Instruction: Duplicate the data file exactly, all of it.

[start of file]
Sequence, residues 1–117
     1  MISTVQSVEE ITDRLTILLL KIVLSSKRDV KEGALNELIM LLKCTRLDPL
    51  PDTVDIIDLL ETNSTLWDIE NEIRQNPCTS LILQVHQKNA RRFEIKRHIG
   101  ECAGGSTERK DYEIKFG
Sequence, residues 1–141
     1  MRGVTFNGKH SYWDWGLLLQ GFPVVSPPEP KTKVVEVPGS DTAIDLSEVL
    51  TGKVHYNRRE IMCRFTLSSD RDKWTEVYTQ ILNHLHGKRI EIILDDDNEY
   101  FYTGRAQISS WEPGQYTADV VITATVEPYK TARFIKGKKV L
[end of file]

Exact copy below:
Sequence, residues 1–117
     1  MISTVQSVEE ITDRLTILLL KIVLSSKRDV KEGALNELIM LLKCTRLDPL
    51  PDTVDIIDLL ETNSTLWDIE NEIRQNPCTS LILQVHQKNA RRFEIKRHIG
   101  ECAGGSTERK DYEIKFG
Sequence, residues 1–141
     1  MRGVTFNGKH SYWDWGLLLQ GFPVVSPPEP KTKVVEVPGS DTAIDLSEVL
    51  TGKVHYNRRE IMCRFTLSSD RDKWTEVYTQ ILNHLHGKRI EIILDDDNEY
   101  FYTGRAQISS WEPGQYTADV VITATVEPYK TARFIKGKKV L